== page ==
Alex Witt: U.S. counter-terrorism officials say they believe senior al Qaeda leaders including Osama Bin Laden were involved in a plan to strike several European cities in a coordinated assault. Officials say Bin Laden may be trying to show al Qaeda is still strong and able to launch attacks on western targets. Joining me live now, terrorism expert Steve Emerson. Steve, hello, good to see you.
Steve Emerson: Good to see you, Alex.
Alex Witt: So how are U.S. counterterrorism officials making this link between the European threats and Osama Bin Laden?
Steve Emerson: First, there are several things that they've picked up. One is they arrested a man in I think Amsterdam or Germany two days ago who revealed elements of this plot. Number two, there were electronic intelligence intercepts picked up from Pakistan, Afghanistan to Europe. And number three, they had somebody who was part -- would have been part of the plot in Pakistan actually tell U.S. authorities some elements of it. He wasn't read into the whole thing. But altogether, they concluded that a plot was imminent. And as you recall, the Eiffel tower was evacuated. Thousands of extra police were put around Paris, Brussels, parts of Germany. So they took this very seriously. It would have been a Mumbai-style attack, you know when they killed 187 people in Mumbai, right. This would have been an internal attack by radical Muslims inside of Europe because they have no real borders.
Alex Witt: Yeah, I remember that attack happened on Thanksgiving day two years ago because I was on that one. Let's talk about the next question that follows which is do you think that officials have evidence that this type of an attack on these soft targets and tourist areas could also be planned for the U.S.?
Steve Emerson: I think they're very worried. I spoke to a senior intelligence official yesterday. And I said how real is it? One, is there a connection to the U.S.? And two, how real is it? He said, one, it's very real because al Qaeda wants to reassert itself. It's been boasting of being able to carry out an attack for the last nine years like this. And with the exception of Spain and maybe the attacks in Britain in July of '05, they really haven't been able to do much damage or maybe Bali included. But in the U.S., there have been about 139 plots or efforts but no major attack like 9/11. This is really an attempt to re-establish their legitimacy in their own eyes.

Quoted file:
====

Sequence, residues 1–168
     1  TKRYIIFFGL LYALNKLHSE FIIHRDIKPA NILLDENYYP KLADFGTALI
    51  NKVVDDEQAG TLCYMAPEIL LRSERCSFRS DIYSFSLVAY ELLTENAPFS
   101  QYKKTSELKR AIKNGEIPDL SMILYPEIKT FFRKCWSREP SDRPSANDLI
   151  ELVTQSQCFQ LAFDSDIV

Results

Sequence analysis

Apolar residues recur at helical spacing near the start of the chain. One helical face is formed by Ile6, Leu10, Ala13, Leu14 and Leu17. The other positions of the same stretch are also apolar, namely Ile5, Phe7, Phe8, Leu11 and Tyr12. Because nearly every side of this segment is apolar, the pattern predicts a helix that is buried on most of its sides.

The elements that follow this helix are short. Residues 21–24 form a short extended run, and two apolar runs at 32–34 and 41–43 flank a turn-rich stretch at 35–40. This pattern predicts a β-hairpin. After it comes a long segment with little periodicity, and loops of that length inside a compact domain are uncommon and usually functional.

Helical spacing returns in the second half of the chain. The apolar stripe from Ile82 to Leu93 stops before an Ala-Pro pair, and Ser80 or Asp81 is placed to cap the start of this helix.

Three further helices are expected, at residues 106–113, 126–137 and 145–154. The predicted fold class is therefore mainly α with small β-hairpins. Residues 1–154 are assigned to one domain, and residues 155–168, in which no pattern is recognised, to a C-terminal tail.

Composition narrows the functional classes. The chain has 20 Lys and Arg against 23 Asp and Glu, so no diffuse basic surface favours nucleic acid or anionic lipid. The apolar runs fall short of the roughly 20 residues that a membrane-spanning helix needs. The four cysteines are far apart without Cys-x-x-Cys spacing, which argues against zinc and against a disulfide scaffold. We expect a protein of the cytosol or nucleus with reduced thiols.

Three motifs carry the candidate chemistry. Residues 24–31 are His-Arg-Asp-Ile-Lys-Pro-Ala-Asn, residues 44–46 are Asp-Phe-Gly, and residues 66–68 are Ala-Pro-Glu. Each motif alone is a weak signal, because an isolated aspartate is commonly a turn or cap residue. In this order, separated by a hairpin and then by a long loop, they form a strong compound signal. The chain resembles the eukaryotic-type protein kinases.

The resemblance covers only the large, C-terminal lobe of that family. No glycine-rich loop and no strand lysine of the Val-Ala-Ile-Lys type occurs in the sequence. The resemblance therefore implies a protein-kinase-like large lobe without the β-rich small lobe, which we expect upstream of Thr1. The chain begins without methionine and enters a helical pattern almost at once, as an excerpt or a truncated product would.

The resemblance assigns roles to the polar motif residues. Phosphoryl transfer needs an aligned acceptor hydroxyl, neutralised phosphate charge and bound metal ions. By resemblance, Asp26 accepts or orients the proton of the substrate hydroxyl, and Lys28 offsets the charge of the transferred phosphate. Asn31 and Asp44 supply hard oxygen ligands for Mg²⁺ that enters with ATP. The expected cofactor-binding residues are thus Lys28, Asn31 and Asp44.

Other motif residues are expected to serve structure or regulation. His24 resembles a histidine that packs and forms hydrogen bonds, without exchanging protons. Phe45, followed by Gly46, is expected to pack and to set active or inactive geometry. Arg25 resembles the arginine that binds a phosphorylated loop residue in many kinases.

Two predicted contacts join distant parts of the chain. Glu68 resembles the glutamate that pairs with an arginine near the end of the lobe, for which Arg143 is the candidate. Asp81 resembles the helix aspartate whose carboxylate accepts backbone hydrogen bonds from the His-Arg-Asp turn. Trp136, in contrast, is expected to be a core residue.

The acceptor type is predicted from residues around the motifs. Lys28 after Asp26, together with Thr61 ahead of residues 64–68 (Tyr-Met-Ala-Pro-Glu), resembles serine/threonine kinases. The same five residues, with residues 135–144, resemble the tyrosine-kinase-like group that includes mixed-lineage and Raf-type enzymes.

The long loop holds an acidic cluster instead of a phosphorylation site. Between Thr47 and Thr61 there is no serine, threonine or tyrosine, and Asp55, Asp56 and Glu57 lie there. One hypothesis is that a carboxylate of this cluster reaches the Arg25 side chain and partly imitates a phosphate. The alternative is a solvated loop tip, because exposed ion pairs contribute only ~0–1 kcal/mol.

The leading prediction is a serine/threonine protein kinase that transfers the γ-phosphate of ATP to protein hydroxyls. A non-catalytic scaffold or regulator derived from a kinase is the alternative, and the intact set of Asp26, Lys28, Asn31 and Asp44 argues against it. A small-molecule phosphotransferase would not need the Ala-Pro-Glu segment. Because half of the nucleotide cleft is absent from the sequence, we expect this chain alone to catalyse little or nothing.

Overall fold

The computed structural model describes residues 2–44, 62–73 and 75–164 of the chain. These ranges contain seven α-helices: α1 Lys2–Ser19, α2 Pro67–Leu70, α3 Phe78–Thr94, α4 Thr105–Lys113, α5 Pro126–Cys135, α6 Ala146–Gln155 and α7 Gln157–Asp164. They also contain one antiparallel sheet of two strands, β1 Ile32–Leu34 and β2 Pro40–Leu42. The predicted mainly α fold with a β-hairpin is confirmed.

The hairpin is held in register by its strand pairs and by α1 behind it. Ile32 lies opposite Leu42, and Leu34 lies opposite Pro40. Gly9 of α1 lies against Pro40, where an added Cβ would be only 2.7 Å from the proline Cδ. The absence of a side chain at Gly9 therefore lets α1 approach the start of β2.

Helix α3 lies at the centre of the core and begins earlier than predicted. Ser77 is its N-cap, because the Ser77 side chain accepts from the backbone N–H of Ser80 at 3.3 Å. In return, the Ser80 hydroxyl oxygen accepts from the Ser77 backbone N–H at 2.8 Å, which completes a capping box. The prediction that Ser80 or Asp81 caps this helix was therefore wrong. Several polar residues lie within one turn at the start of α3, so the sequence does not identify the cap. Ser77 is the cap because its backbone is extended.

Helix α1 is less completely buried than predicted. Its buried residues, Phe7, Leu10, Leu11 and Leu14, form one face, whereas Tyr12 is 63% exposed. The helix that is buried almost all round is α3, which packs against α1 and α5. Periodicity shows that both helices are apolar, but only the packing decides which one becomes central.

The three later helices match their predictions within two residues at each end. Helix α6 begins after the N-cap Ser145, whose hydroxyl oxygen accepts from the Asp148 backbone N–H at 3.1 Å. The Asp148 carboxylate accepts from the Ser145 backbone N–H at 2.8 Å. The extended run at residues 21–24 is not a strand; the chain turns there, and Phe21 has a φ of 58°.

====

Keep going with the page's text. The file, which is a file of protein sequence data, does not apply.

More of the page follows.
Alex Witt: So does it also then say that al Qaeda is understanding it's not capable any more of orchestrating some kind of massive 9/11 style attack? Have they resigned themselves just to be smaller scale attacks?
Steve Emerson: I think, you know, Alex, I think there's sort of like dual strategies. I think that on one level they're trying to do single attacks like they did in the New York's Times Square which was organized by the Taliban last May. Number two, they're thinking about other types of attacks like Mumbai which would kill hundreds. And three, I think they have long-term plans not necessarily are they going to be able to implement them, but to carry out 9/11 style attacks. They're always thinking ahead. We're fighting the last war. That's their advantage.
Alex Witt: Yeah you know Steve you're always listening to the chatter. What are you hearing right now out there?
Steve Emerson: There's a real concern now that something could happen here. There's always concern when you have an imminent plot in Europe and it's being carried out definitively by al Qaeda or an al Qaeda offshoot like the Hakani network like this one. But here I heard that there are actual people in the U.S. who were heard on -- let's just say intercepts that were involved with this plot. I don't know if they'll be arrested, they'll just be watched, but definitely there was a U.S. connection.
Alex Witt: OK, Steve Emerson, always sobering talking to you, but we do appreciate it, nonetheless. Thanks.
Steve Emerson: You bet.